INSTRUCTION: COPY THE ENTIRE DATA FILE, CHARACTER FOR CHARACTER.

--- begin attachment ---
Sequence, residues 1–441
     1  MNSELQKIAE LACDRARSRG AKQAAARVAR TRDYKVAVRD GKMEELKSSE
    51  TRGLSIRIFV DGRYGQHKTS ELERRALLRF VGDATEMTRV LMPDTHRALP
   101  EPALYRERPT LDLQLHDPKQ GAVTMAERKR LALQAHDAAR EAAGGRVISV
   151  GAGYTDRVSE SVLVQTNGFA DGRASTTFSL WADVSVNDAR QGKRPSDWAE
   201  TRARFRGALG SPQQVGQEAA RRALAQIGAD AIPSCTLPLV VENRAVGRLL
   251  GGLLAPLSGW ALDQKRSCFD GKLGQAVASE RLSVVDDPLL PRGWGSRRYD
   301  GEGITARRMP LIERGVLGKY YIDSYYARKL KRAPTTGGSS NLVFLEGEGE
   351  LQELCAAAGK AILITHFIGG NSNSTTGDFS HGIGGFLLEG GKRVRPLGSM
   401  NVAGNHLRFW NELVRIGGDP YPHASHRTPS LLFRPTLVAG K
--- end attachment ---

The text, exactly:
Sequence, residues 1–441
     1  MNSELQKIAE LACDRARSRG AKQAAARVAR TRDYKVAVRD GKMEELKSSE
    51  TRGLSIRIFV DGRYGQHKTS ELERRALLRF VGDATEMTRV LMPDTHRALP
   101  EPALYRERPT LDLQLHDPKQ GAVTMAERKR LALQAHDAAR EAAGGRVISV
   151  GAGYTDRVSE SVLVQTNGFA DGRASTTFSL WADVSVNDAR QGKRPSDWAE
   201  TRARFRGALG SPQQVGQEAA RRALAQIGAD AIPSCTLPLV VENRAVGRLL
   251  GGLLAPLSGW ALDQKRSCFD GKLGQAVASE RLSVVDDPLL PRGWGSRRYD
   301  GEGITARRMP LIERGVLGKY YIDSYYARKL KRAPTTGGSS NLVFLEGEGE
   351  LQELCAAAGK AILITHFIGG NSNSTTGDFS HGIGGFLLEG GKRVRPLGSM
   401  NVAGNHLRFW NELVRIGGDP YPHASHRTPS LLFRPTLVAG K